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Rio Puerco memories: Native of Rio Puerco recalls growing up in iconic valley in film on PBS

Nasario García is a storyteller.

Since 1970, the New Mexico native has been sharing the stories of life and loss, myth and magic, farming and drought throughout the Río Puerco.

Located near Cuba and southeast of Chaco Canyon, the Río Puerco villages thrived from the 1900s to the 1950s.

This iconic valley, noted for the volcanic plug Cabezon Peak, is deeply connected to New Mexico’s history.

For the past five years, filmmaker Shebana Coelho has worked with García on creating the documentary “Nasario Remembers the Río Puerco.”

It will air at 7 p.m. Thursday, Oct. 12, on New Mexico PBS, Channel 5.1.

“We’re thrilled to have this film air on New Mexico PBS,” Coelho says. “Through the broadcast, this film will reach statewide audiences, and we want this story of New Mexico to be shared with as many audiences as possible, faraway and close.”

Coelho’s friendship with García began about five years ago.

“I heard Nasario speak about his abuela in 2012,” she says. “That was the beginning of our friendship. Then we did a play about his stories. With Nasario’s energy, the entire documentary came alive in a different way.”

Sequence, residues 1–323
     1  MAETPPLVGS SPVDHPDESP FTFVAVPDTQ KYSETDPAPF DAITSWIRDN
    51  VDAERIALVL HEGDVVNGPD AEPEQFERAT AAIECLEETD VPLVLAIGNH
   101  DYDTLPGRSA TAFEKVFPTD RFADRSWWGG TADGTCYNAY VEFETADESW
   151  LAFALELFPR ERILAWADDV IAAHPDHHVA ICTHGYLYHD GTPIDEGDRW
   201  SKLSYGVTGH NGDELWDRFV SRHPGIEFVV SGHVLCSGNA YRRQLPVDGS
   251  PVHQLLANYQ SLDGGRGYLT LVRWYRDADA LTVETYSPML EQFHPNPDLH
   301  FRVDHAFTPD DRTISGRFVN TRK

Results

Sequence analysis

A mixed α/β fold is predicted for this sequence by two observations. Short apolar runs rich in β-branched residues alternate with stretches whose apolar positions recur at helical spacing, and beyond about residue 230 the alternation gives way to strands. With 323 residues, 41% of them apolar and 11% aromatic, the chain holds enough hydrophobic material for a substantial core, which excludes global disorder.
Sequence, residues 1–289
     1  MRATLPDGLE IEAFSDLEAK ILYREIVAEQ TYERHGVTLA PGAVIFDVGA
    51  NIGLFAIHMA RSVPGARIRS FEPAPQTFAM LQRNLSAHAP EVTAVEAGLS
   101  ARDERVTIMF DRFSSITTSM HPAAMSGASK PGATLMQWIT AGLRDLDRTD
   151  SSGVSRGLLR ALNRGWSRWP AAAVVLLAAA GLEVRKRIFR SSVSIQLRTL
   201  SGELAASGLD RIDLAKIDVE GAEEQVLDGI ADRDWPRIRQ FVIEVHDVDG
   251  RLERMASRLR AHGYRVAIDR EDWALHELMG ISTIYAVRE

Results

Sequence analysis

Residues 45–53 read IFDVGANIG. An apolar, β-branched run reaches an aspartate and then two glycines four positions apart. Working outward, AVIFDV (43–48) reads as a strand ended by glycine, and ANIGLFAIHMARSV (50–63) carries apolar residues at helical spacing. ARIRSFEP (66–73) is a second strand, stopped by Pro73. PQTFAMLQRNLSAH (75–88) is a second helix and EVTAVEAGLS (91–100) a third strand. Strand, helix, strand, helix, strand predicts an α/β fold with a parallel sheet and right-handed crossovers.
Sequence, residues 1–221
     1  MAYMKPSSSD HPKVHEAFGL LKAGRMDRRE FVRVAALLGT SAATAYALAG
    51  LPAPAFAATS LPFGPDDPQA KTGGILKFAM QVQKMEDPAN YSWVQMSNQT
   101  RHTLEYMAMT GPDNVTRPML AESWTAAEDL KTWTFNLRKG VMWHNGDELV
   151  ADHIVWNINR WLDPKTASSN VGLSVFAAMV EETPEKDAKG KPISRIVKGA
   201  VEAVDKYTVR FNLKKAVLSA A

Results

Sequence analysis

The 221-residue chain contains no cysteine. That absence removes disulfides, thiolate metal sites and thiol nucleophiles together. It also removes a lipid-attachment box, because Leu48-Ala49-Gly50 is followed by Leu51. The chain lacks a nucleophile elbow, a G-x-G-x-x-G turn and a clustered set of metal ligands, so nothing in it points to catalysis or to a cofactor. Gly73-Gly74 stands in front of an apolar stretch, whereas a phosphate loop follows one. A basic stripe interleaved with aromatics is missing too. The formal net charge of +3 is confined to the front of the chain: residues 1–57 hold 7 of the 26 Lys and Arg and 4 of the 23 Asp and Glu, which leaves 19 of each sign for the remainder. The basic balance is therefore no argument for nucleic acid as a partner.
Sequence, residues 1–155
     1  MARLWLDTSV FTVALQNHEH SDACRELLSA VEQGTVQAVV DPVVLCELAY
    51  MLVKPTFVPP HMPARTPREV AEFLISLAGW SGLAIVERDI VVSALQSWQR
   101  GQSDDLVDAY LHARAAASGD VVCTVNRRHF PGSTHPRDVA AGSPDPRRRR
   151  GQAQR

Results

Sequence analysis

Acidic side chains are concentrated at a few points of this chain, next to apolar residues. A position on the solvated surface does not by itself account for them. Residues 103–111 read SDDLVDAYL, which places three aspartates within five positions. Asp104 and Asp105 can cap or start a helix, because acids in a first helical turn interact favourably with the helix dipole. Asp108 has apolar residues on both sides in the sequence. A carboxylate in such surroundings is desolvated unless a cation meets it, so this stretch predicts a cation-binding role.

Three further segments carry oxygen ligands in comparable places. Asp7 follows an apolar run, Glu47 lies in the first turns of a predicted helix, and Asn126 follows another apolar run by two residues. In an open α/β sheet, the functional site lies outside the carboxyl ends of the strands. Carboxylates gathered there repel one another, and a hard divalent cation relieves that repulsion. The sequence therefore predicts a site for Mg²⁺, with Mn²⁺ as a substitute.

In the documentary, viewers can join García as he does what he loves – wandering through landscape and memory amid the ghosts towns of New Mexico’s Río Puerco Valley, reviving memories of his youth when the ranching villages thrived and elders told stories beside a river that once ran.

“From a one-room schoolhouse in my native Río Puerco Valley to my retirement as a university professor has been a marvelous journey,” García says. “But the capstone to the dreams in my life is reflected in the film … about the past and present of my beautiful valley.”

García is proud of the film and hopes that audiences will enjoy his stories.

“First and foremost, I hope the audience comes away with an appreciation for what life was like in the late 1930s,” García says. “It was a very difficult time for parents like mine. They were trying to raise a family during the Great Depression. I hope that audiences get a feeling of what life was really like and the kinds of challenges that kids like me faced. We were able to pull forces together and ultimately survive. And there are more facets to the film.”

As the film is ready for the PBS airing, Coelho and García are ready for the world to see it.

“It’s been the most mysterious journey for me,” Coelho says.

García adds, “I’m ready and I’m excited. Suffice it to say that I truly hope that all the people who see it will enjoy it. I trust my family will appreciate it.”

SEND ME YOUR TIPS: If you know of a movie filming in the state, or are curious about one, email Follow me on Twitter @agomezART.

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